Journal of Applied Philosophy
Resolving the Tensions Between White People’s Active Investment in Racial Inequality and White Ignorance: A Response to Marzia Milazzo
Mind & Language
Journal of Philosophy of Education
Hastings Center Report
History & Theory
The Southern Journal of Philosophy
Zygon: Journal of Religion and Science
Philosophy & Public Affairs
Journal of Social Philosophy
Journal of Chinese Philosophy
The field of humanities is changing rapidly, along with the world, as new technologies alter centuries of tradition in various disciplines. In this, the third year of the Wiley Humanities Festival, we’ll focus on the digital humanities, and how technology has revolutionized the way the humanities will be taught, learned, and researched for years to come.
The festival will take place Thursday, September 13th, and will conclude with our free webinar, which looks at why technology matters, especially within the humanities in the twenty-first century. Below you’ll find brief introductions for the participants of our webinar.
Register now for the webinar and join us on September 13th to take part and learn more about the digital humanities.
Steve has a lifelong commitment to the fundamental mission of teaching and research in the humanities and social sciences. After graduating in philosophy from McGill University in Montreal and Oxford University, Steve embarked upon a career in SSH publishing spanning over twenty-five years — first at Blackwell Publishers in Oxford UK, and then at Wiley in Boston MA. Steve has served in various editorial capacities, including as editorial director of the social sciences and humanities books program during a period of transformational change. Amongst other things, Steve helped lead and launch the creation of Blackwell Reference Online, the world’s largest and most authoritative digital reference resource, and Wiley’s ambitious portfolio of eMRWs. In more recent years, Steve has been focusing on strategic development and the fast-growing open access program at Wiley.
Professor Kingsley Bolton joined Nanyang Technological University in 2013, as Professor of English Linguistics and Head of the Language and Communication Centre. Professor Kingsley Bolton has published sixteen books (edited and authored), and more than eighty journal articles and book chapters. He is Co-Editor of the Wiley journal, World Englishes. He is also a Member of the Editorial Boards of Applied Linguistics Review, Educational Studies, English Today, English World-Wide, Global Chinese, and the Journal of World Languages. Professor Bolton served as Elected President of the International Association for World Englishes from 2003-04, is a Founding Fellow of the Hong Kong Academy for the Humanities, and Professor Emeritus of Stockholm University, Sweden.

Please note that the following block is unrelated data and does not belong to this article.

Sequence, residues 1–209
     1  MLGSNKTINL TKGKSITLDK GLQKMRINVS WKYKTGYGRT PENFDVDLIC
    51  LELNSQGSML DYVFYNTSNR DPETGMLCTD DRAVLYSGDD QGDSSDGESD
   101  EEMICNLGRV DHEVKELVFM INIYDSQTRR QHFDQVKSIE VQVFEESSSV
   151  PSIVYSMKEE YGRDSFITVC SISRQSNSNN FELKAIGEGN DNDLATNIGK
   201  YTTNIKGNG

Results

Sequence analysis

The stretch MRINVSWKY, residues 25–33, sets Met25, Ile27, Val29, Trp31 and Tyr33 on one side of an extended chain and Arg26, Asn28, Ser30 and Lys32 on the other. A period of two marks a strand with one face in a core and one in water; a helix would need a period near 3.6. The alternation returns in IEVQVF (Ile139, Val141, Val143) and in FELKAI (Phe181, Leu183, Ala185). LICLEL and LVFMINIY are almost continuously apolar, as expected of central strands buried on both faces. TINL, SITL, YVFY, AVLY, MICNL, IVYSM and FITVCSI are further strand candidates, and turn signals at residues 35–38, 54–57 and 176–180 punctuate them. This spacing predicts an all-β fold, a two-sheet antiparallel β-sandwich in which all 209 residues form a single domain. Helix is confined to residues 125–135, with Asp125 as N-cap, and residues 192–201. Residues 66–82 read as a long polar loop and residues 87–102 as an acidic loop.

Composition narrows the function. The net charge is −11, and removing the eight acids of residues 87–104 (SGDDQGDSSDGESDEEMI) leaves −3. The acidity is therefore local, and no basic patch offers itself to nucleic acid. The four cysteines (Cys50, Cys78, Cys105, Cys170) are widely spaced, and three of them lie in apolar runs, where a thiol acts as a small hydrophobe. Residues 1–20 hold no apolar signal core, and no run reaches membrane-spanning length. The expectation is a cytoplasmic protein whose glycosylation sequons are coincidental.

Miranda Richardson has been Editor of the International Journal of Nautical Archaeology, published for the Nautical Archaeology Society, for the past six years. A love of sailing, diving, and an archaeology education and career, followed by a stint in newspaper journalism, brought her to the role, of which she says: ‘How could I not love it? I get to sail both around the world and through time, at least in my imagination’. The constraints of working under water have made maritime archaeologists early adopters of new technologies and encouraged them to use digital means to present current research to both academic audiences and the general public.
Lizzie Brophy is currently a Senior Journals Publishing Manager at Wiley where she manages a list of Political Science, Archaeology, and Geography journals. Her background is in Classical Archaeology, and she completed her DPhil in Ptolemaic and Roman Royal Sculpture at Oxford in 2015. Since joining Wiley as a Journals Publishing Assistant in 2015, she has been putting those research skills to use, especially thinking about journal metrics and the role of social media in the research landscape.
We hope you’ll join us for a lively discussion of the evolution of the humanities!
Each year, The Philosopher’s Annual faces the daunting task of selecting the 10 best articles in philosophy published that year. For 2017, they’ve chosen three articles from journals published by Wiley: Jane Friedman’s article “Why Suspend Judging?” published in Noûs, Derek Parfit’s article “Future People, the Non-Identity Problem, and Person-Affecting Principles,” published in Philosophy & Public Affairs, and Stephen J. White’s article “On the Moral Objection to Coercion,” published in Philosophy & Public Affairs.
By Bailey Morrison
Beginning August 13, philosophers from around the globe will gather in Beijing at the World Congress of Philosophy. Organized every five years by the International Federation of Philosophical Societies (FISP), the congress addresses pressing philosophical issues. This year’s theme, “Learning to be Human” discusses the intricacies of humanity. Topics to be addressed include education, the environment, social learning, and governmental policy. The list below features articles that hit on some of the key subjects expected to be addressed.